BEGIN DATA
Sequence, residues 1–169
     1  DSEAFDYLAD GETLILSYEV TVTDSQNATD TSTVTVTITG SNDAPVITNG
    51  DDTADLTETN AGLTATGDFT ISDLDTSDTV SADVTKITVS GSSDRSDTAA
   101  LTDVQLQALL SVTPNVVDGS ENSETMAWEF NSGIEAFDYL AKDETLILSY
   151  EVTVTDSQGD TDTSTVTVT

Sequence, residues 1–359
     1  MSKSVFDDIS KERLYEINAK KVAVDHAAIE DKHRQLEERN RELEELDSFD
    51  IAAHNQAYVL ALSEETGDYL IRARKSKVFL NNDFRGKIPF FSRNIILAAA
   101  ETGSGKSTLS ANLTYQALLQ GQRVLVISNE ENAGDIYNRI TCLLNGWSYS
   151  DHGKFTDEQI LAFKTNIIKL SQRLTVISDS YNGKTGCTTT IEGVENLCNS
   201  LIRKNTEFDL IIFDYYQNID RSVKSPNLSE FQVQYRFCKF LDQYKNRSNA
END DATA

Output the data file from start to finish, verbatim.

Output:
Sequence, residues 1–169
     1  DSEAFDYLAD GETLILSYEV TVTDSQNATD TSTVTVTITG SNDAPVITNG
    51  DDTADLTETN AGLTATGDFT ISDLDTSDTV SADVTKITVS GSSDRSDTAA
   101  LTDVQLQALL SVTPNVVDGS ENSETMAWEF NSGIEAFDYL AKDETLILSY
   151  EVTVTDSQGD TDTSTVTVT

Sequence, residues 1–359
     1  MSKSVFDDIS KERLYEINAK KVAVDHAAIE DKHRQLEERN RELEELDSFD
    51  IAAHNQAYVL ALSEETGDYL IRARKSKVFL NNDFRGKIPF FSRNIILAAA
   101  ETGSGKSTLS ANLTYQALLQ GQRVLVISNE ENAGDIYNRI TCLLNGWSYS
   151  DHGKFTDEQI LAFKTNIIKL SQRLTVISDS YNGKTGCTTT IEGVENLCNS
   201  LIRKNTEFDL IIFDYYQNID RSVKSPNLSE FQVQYRFCKF LDQYKNRSNA